December 28, 2011

Clicky Clicky's Top Albums Of 2011: Jay Edition

Clicky Clicky's Top Albums Of 2011 -- Jay Edition
And here we are at the end of 2011. If you had told us a year ago that the things which transpired this year were coming, we would not have believed you. While for much of the year, and much to our frustration, music had to take a back seat to real life, that only increased its importance to this writer. Cross-country flights soundtracked by Broken Shoulder. Getting up to speed mornings listening to Rival Schools. Quiet weekends with J Mascis, summer vacation with Algernon Cadwallader and The War On Drugs, doing dishes with the The Henry Clay People. And when we could, we saw shows that kept us smiling long after they were over, not the least of which was the seismic bill we co-presented in late October featuring The Hush Now, Soccermom and Chandeliers. We even found time to draft major pieces on favorite acts Haywood (here) and Johnny Foreigner (here). But largely constraints on our time and tons of stress often meant quality over quantity when it came to the blogging life; fortunately in 2011 there was no shortage of exceptional music to keep us sane. Below are our favorite 10 records of the year. We are very excited for what 2012 will bring, even if it only brings a little more time to catch up on everything we didn't have time for in 2011. Thanks for reading. Stick with us, there's a lot more Clicky Clicky where this came from.
1. Johnny Foreigner -- Johnny Foreigner vs. Everything -- Alcopop!
Now that it's here, it's hard not to feel like everything was leading up to it, from the band's very first single in 2007 onward. Johnny Foreigner vs. Everything is a fully DIY proposition that is remarkable in its vivid realization -- especially considering the small amount of money involved in creating it. It's also a defiant statement from a band that has fought for everything it has got, including its continued existence. As fronter Alexei Berrow told us here in October, "It feels like there are a lot of people waiting to be like 'O Johnny Foreigner fucked up, inevitable, how predictable.' Vs. Everything is us making these possibly imaginary folks eat their stupid words." And, man, the record delivers the fire and hope, the desperate melodies and sublime sentiments. If you haven't already, make sure you hear the best record of 2011.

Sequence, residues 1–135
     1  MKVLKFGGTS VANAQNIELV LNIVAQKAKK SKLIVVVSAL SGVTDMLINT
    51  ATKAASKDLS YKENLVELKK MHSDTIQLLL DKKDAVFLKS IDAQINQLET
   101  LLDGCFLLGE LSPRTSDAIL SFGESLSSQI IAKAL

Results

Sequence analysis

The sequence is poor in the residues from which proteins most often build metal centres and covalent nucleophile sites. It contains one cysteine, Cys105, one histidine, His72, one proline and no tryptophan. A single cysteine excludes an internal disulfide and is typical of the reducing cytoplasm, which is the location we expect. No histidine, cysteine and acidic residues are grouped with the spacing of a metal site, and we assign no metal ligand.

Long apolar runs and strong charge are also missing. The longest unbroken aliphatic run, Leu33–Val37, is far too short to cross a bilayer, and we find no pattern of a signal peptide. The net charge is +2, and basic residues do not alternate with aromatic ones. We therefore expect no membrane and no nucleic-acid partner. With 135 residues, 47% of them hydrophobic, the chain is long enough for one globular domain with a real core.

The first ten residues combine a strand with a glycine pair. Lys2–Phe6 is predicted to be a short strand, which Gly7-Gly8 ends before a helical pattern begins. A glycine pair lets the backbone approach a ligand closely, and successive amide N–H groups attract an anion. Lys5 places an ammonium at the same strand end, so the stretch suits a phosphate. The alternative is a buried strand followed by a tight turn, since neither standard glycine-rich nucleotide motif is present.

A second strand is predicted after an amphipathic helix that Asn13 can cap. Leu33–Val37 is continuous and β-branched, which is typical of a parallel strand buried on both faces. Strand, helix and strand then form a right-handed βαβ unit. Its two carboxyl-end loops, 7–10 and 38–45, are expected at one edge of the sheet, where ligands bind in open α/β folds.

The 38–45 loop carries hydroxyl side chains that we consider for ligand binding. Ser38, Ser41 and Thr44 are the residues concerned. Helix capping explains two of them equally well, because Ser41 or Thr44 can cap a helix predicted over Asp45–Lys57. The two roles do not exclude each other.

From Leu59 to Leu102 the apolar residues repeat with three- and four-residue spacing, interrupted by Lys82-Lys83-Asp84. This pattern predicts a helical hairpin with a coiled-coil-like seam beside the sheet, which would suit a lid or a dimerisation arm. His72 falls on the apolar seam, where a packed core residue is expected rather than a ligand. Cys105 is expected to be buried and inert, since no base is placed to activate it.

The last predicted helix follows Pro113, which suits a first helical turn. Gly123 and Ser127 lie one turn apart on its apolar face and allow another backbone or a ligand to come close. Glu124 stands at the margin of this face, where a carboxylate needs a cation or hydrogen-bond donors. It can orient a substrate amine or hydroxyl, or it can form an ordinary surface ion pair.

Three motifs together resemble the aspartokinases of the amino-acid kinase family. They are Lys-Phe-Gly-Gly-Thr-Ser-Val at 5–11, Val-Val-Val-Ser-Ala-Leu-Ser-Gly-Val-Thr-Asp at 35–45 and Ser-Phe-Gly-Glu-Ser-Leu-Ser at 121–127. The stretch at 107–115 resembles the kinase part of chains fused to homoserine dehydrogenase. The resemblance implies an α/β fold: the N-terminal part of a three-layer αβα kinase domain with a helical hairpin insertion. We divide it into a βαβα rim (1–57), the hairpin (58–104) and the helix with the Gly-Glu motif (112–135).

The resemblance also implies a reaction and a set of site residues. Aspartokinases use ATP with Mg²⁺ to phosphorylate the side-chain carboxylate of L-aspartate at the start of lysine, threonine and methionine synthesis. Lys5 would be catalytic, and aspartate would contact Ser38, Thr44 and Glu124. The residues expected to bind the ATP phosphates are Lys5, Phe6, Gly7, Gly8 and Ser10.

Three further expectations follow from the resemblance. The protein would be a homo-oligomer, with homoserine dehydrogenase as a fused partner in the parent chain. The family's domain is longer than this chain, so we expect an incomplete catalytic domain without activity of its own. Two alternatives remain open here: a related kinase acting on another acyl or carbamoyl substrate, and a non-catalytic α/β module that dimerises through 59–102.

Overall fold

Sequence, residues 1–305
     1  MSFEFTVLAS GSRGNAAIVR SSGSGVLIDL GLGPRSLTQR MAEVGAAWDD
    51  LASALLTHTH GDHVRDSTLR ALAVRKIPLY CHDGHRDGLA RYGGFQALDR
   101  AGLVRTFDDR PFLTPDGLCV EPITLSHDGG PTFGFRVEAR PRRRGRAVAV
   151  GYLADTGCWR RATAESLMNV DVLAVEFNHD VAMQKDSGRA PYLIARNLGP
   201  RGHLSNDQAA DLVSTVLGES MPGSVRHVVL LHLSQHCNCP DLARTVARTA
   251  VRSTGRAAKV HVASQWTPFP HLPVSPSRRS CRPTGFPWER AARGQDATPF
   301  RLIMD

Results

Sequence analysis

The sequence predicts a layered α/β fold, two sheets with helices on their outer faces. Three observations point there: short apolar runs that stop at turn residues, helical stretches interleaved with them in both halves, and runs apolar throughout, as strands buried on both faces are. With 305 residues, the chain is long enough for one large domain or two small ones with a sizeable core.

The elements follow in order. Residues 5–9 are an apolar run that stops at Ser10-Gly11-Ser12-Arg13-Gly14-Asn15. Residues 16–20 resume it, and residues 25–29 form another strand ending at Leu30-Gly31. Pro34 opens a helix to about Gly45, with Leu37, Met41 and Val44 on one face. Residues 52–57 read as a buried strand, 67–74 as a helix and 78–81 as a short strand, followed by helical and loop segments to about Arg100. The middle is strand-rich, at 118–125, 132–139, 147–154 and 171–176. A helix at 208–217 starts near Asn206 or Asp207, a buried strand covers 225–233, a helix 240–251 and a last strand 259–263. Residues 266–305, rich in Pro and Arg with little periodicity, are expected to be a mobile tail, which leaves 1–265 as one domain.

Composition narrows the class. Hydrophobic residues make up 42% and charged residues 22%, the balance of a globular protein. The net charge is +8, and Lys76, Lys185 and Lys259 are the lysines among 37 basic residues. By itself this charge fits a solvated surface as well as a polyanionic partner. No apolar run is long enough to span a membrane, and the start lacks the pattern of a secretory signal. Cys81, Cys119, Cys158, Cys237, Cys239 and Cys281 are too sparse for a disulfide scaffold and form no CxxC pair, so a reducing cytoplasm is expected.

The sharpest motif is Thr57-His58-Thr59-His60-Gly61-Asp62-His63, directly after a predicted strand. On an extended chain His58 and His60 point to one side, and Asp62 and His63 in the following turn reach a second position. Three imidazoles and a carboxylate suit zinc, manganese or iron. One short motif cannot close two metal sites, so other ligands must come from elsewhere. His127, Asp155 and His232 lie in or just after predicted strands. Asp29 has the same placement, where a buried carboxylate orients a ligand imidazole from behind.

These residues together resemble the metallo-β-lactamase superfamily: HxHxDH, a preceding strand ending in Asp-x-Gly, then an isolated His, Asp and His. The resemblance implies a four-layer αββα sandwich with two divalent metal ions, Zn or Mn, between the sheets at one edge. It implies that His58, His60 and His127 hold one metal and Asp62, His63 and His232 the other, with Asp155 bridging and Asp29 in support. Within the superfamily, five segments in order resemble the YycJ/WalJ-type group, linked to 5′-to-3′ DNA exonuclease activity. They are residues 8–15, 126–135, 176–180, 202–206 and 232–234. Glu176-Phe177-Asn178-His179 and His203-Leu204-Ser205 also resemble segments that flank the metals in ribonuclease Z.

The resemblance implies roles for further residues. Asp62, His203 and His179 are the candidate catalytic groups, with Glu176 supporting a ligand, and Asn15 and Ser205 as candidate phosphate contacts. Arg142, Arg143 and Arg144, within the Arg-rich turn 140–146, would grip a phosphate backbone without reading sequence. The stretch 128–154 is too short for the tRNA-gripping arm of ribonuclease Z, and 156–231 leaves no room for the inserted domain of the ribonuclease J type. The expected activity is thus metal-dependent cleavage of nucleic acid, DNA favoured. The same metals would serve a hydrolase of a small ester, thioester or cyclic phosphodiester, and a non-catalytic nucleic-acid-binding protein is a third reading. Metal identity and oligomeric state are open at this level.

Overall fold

[review / buy / Spotify]

2. Benjamin Shaw -- There's Always Hope, There's Always Cabernet -- Audio Antihero
While this list of favorite records for the most part illustrates which albums we listened to most in the last 360 or so days, it also speaks loudly about what we value in the music we spend our time with. Benjamin Shaw's There's Always Hope, There's Always Cabernet is perhaps the best example of what we value most: an artist with a singular personality, a unique vision or world view that is ably and creatively captured in the stereo field. Mr. Shaw's chamber pop showcases a charming dourness and humor, cloaked within deftly arranged guitar, piano, strings and ambient curiosities. His vocal delivery is remarkably personal, and the resulting collection here is as cozy as it is ghostly. Each song presents soft and sharp elements, like a bag full of knitting, while making sure that there are as many melodic hooks as there are noisy cul-de-sacs. It's enchanting, and it is easily one of the best of the year.
[preview / buy / Spotify]

3. Age Rings -- Black Honey -- Midriff Records